Qualcomm promises three years of Android updates for the entire SoC line-up

The Snapdragon 888, sitting on the world's largest ARM motherboard.
Enlarge / The Snapdragon 888, sitting on the world’s largest ARM motherboard.

Google and Qualcomm are teaming up to enable a longer support window for flagship Android smartphones. Qualcomm, with the help of Google, will now support its chipsets for three years of major OS updates and four years of security updates, enabling a better than Pixel tier for all future Android phones, provided your OEM is willing to participate. to work. This policy starts with the flagship Snapdragon 888, but even lower chips will be supported. Qualcomm PR tells us that “the plan is to roll this out to all Snapdragon chipsets, including lower chipsets, but with the new Snapdragon 888 platform.”

Part of the challenge of Android updates is the continuous chain of software retention that must be maintained at different companies, from the Android repository to your phone. Google and Qualcomm now say they are willing to pass the update baton to OEMs for three major updates and four years of security updates, but OEMs will have to update their Android skins and ship working builds to each of their devices. If they don’t, at least we now know who to blame.

The blog posts from Qualcomm and Google both contain the same wording, namely that they will “support four Android OS versions and four years of security updates.” Read that quote carefully and you will see two different units of measurement taking place there, which some people have misinterpreted. While there are four years of security updates, the two companies count the first release of Android in their quote of “4 Android OS versions,” so it’s three years of major Android updates, not four years. We did a double check with Qualcomm and got back “Qualcomm supports the launch version + 3 OS upgrades, for a total of 4 major Android OS versions. Snapdragon 888 supports Android 11, 12, 13 and 14.”

This is the same update plan that Pixels got and what Samsung promised, but with another year of security updates. Keep in mind that Qualcomm is also bringing this level of support to low-end devices, so while this is only a small step for flagship phones, lower-end phones can get significantly more support windows.

Treble issues

Google’s blog post goes into detail on how it has made updating easier for SoC manufacturers like Qualcomm. Project Treble’s re-architecture of Android split the operating system in two, separating the operating system from the hardware with a modular interface. This makes it easy to run the same build of Android on multiple hardware (this is called a Generic System Image or GSI). While that makes it easier if you’re an OEM building an Android skin, apparently Google had pumped up update requirements for SoC vendors.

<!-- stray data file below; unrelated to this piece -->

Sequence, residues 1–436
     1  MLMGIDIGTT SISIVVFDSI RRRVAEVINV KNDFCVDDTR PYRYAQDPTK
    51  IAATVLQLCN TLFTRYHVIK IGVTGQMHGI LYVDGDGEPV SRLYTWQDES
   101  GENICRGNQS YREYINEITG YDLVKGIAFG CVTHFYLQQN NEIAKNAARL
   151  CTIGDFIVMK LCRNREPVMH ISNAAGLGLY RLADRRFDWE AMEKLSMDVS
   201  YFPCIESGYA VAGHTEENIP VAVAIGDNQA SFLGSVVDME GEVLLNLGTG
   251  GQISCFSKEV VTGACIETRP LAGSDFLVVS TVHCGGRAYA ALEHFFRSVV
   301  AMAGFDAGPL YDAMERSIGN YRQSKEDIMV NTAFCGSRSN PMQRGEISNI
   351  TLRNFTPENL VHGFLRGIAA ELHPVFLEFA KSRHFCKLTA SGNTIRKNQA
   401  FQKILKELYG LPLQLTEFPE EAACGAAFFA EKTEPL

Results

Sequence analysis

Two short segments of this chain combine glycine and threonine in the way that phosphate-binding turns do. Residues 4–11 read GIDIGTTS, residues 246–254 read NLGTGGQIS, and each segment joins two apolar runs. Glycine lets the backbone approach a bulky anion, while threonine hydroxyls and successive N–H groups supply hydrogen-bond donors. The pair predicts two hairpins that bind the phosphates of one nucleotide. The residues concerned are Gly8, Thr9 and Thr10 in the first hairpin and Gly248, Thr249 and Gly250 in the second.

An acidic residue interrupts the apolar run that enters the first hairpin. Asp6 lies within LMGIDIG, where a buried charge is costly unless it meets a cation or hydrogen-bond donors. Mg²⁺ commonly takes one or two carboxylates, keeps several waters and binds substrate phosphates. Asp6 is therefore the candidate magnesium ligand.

SoC vendors are partially responsible for the implementation of the “vendor” in Project Treble – the bottom half of the OS split that contains the hardware support. While things above the Project Treble split (the software) were guaranteed backwards compatibility, the hardware support wasn’t. For each SoC, Qualcomm should maintain a vendor implementation for each permutation of software history. That means one for phones launched with Android 10, another for Android 11, and a third for devices launched with Android 10 and upgraded to Android 11.

This system did not scale properly. Today, Google is vaguely announcing changes to Project Treble that will allow Qualcomm to support new and upgrade devices with a single vendor implementation. It’s also (again, vaguely) devised some sort of plan to get Qualcomm to use the same vendor implementation for multiple SoCs, which will reduce update work even more.

Faster updates are gradually taking place

Google is also taking this time to update us on the status of the Android update situation. Android 11 sees the fastest adoption rate ever and surpasses the previous release (previously the fastest ever), at least in terms of raw users (I doubt the percentage would be much different as I doubt the total number of active Android users are in a years.) Thanks to Project Treble, the Android 10 card turned into a bad hockey stick about 100 days after launch, and we’re not quite that far with Android 11.

Of course, this still doesn’t bring Android in line with what Apple has done, which is five years of major OS updates and seven years of security updates for iPhones. However, Apple is the SoC vendor, the OS developer and the device manufacturers, so it has less logistics to work out and it doesn’t have to do with keeping profit margins every step of the way.

Any announcement of an Android update feels like a small step to improve the situation, and nothing is going to be a panacea apart from blowing up the entire system. Just about every sentence in this article could end with the caveat of “if your OEM is willing to cooperate,” and for many, that last link in the update chain is the crucial one. If your OEM doesn’t want to play ball, you know what to do, right? Vote with your wallet!